(Image: Donald Trump Delivering a speech. Credit: Stockfree Images)
The ever provocative President, Donald Trump, has again taken to Twitter this week, this time to promote tweets of the far-right British organisation Britain First, reports Pascal Kempson.
The videos, posted by Jayda Fransen – Deputy Leader of Britain First, showed so called Islamic groups and individuals attacking innocent members of society including a boy on crutches. These retweets, and Donald Trump’s subsequent tweet to Prime Minister Theresa May, evoked a firestorm of responses from many heads of state across the world. Theresa May rebuked these retweets, but in the least confrontational way possible, stating “I am very clear that retweeting from Britain First was the wrong thing to do”.
The Dutch Embassy in the US also shared their view on twitter with this:
.@realDonaldTrump Facts do matter. The perpetrator of the violent act in this video was born and raised in the Netherlands. He received and completed his sentence under Dutch law.
— Netherlands Embassy ???????? (@NLintheUSA) November 29, 2017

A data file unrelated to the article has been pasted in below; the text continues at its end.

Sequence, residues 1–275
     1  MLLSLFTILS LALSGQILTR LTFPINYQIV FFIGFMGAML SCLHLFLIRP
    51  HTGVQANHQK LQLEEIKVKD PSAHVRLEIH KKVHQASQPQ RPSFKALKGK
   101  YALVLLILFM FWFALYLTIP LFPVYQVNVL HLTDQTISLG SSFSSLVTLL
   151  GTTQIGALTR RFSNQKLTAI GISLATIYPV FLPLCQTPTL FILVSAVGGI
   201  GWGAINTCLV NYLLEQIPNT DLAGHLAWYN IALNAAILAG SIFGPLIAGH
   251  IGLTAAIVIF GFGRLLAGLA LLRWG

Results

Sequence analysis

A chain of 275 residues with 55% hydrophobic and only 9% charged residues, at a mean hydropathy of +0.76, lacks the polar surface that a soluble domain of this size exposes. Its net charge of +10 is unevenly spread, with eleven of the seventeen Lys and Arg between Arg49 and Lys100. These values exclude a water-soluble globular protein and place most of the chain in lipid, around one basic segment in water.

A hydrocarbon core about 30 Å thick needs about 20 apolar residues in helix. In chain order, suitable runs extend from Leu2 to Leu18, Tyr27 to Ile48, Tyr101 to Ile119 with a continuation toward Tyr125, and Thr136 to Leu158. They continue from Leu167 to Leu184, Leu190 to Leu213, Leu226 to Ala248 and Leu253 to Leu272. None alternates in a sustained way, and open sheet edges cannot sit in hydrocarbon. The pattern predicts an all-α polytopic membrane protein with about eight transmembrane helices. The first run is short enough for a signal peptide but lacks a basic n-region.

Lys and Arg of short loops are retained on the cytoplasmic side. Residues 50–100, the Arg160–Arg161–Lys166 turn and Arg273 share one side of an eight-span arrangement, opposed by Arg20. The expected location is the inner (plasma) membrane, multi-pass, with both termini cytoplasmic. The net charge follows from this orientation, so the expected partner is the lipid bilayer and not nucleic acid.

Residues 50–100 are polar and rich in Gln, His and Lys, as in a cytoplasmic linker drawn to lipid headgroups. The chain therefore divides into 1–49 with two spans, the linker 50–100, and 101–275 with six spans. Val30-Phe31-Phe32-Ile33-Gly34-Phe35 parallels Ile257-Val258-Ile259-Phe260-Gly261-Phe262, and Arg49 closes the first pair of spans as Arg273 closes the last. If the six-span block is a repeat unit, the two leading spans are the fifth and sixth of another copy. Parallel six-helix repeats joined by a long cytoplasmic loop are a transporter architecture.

Here at JLDN, we’re interested in what students have to say on these type of issues, so reporter Jacob Dickinson took to the campus to find out whether students wanted President Trump to make a visit to this country.
Whilst some responses were very strong in a denial of entry, others believe in a different approach to condemning hate. Francisca Costi, for example, believes that “The UK should allow him to come and make the experience constructive, they should not ban him because thats the same as he’s being doing for people from other countries.” Laura Murphy however had her mind made up “No, absolutely not”.
These two different points of view with how to deal with the Trump ‘problem’ will surely be part of the commons debate on the controversial President.
If he continues to act along these lines of hate, the British people may begin to lose hope all together.